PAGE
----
Natural And Conventional Toothpastes: Is One More Effective Than The Other?
The Sudanese used purple nutsedge more than 2000 years ago; a bitter-tasting weed with antibacterial properties that rewarded them remarkably sound teeth. Many people throughout Southeast Asia and in the Middle East use twigs from the arak tree (known as miswak) to clean their teeth. It has a high concentration of fluoride and contains other antimicrobial components that help prevent tooth decay, and produces reasonably effective whitening. Some cultures still use twigs from aromatic trees that freshen the mouth as has been done for thousands of years. Recorded use of these chew sticks goes back to ancient Babylonia in 3500BC; the Chinese, along with ginseng and herbal pastes, were using them almost two thousand years before that.
Studies over the last decade conclude that chew sticks have a similar cleaning result to a conventional toothbrush. The frayed end of the twig is dampened with water (or rosewater) and rubbed against the teeth. The stick, however, can’t effectively clean between teeth, and if it’s not properly manoeuvred and controlled, gum damage and abraded enamel can follow.
Other cultures, for traditional or religious reasons, use fingers to rub substances onto their teeth; walnut tree bark for example is used in some Muslim countries. Medicinal plants like tulsi and amla (Indian gooseberry) have held a continued role in good oral hygiene.
Certainly the Ayurvedic practice of oil pulling (using coconut, sesame, sunflower or olive oil) is believed to remove harmful bacteria and toxins; recent clinical studies have found it can help to reduce gum inflammation.
That mouthwash is a modern-day phenomenon is a misconception: Chinese texts from 2700 BC evidence mouth rinses; and southeast Asians have for centuries used combinations of cranberry juice, tulsi, ginger and guava. Notably, these have been scientifically proven to be as effective as chlorohexidine – the prominent ingredient of dentist-recommended mouthwashes recommended.
However, not all traditional methods can be similarly endorsed. Betel and areca nuts for example – commonly used in Southeast Asia – actually stain teeth and gums, and are associated with an increased risk of oral cancer.
There’s no way Mrs Marsh would be dipping her chalk into that one…
Throughout history mixtures have been used containing some type of fine grit. From powdered ox hooves, burnt eggshells and pumice to brick powder, ash, mud, and salt. There’s the tradition of charcoal, and that’s been making a comeback over the last few years – whether in activated powder form, as an inclusion in homemade toothpastes or as an infusion in manufactured toothpaste brands. Some claim its effectiveness in binding harmful bacteria, while others – particularly the American Dental Association – maintain its abrasive property damages tooth enamel.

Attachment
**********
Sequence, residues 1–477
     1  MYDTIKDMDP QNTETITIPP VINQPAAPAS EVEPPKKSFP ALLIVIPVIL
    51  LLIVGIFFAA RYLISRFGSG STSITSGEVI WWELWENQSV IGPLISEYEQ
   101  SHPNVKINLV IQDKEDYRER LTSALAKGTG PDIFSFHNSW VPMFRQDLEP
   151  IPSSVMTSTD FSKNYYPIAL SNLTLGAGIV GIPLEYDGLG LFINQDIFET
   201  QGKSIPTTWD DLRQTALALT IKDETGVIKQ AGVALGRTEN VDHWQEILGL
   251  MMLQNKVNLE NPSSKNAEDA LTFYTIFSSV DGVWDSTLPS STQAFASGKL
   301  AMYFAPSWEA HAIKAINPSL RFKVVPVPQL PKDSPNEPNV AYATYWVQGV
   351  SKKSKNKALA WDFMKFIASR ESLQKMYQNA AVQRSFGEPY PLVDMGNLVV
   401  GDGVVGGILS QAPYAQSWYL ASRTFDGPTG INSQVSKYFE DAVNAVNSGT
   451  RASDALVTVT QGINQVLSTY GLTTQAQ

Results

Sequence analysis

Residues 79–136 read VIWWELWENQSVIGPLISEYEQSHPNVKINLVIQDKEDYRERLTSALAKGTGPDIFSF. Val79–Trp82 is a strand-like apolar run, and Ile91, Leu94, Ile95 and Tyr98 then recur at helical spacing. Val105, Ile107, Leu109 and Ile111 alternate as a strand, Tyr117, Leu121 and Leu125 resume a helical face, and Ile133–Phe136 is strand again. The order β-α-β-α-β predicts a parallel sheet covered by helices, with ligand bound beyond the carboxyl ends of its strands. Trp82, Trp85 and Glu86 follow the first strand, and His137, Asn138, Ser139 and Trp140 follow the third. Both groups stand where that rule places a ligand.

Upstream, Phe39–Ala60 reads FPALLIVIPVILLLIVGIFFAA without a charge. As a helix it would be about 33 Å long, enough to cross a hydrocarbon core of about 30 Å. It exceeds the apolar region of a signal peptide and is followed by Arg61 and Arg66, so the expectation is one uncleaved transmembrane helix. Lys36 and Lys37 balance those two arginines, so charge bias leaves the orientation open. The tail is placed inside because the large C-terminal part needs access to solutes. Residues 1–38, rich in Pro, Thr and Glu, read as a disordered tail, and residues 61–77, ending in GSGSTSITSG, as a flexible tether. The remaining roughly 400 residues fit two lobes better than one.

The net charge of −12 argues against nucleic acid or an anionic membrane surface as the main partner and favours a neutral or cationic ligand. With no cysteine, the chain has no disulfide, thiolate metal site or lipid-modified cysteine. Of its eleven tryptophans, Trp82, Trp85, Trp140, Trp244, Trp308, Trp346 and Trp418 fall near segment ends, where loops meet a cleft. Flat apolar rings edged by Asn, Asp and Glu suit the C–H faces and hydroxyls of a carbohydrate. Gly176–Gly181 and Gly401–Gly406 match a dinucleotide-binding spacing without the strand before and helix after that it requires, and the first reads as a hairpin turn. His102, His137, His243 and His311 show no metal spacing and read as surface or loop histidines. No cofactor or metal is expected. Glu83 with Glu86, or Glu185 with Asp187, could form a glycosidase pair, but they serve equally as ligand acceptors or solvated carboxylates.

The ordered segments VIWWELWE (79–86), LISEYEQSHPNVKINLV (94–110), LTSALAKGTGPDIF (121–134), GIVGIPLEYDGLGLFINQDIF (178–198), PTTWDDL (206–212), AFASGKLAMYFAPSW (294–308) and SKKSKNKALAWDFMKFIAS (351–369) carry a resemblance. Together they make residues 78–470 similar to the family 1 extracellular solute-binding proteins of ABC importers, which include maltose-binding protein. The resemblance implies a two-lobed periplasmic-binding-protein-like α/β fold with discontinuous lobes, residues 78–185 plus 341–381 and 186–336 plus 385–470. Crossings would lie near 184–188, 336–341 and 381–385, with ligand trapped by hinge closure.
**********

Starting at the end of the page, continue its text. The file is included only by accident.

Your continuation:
The importance of good oral health was well known in Europe by the 1400s. Having white teeth and fresh breath was more fashionable than implicit, but oral hygiene was most certainly practiced. With a diet low in sugar and high in calcium, the Pythonesque view of blackened and rotting medieval teeth is a furphy – many herb, ash, and salt preparations are known to have been used. (Presumably in the hopeful avoidance of a trip to the barber for some incredibly barbaric treatments and extractions.)
Along with gunpowder, paper, printing and the compass, it was the Chinese who created a brush for teeth cleaning that is most like the one we use today – the handle was either of bone or bamboo, and boar hair was used for bristles. Taken to Europe during the 17th century, it remained largely unchanged until 1938. Dupont de Nemours (later the DuPont Company) marketed Doctor West’s Miracle Toothbrush – the first nylon fibre dental brush: much sturdier and more hygienic than its animal hair predecessor.
And with a better brush, came better toothpaste.
From the 1800s, dental pastes had included soap and chalk. It wasn’t until research in the 1940s by biochemist and dentist Joseph Muhler, and chemist William Nebergall showed that sodium fluoride ions made tooth enamel harder and more resistant. Thus the idea of fluoride in toothpaste gained support.
Sodium fluoride protects against cavities; stannous fluoride is an anti-bacterial agent. Clinical trials proved that these chemical compounds assisted protection against tooth decay, gingivitis, plaque and tooth sensitivity.
In 1956, Crest toothpaste was introduced, and by 1960 it was the first toothpaste recognised by the American Dental Association to be effective against tooth decay.
In sixty years, the global toothpaste market has grown in worth to $US17.75 billion – with a projection of $US21.99 billion by 2027. Curiously, not only has the coronavirus disrupted the global supply chain, it seems COVID-19 sufferers have a higher risk of oral issues and disease.
For most of us, the toothpaste we purchase is automatic. Occasionally we may be tempted by some special price, or a budget worthy 2-for-1, but for the most part we stick to one brand for whatever reason we (or our family) have already decided.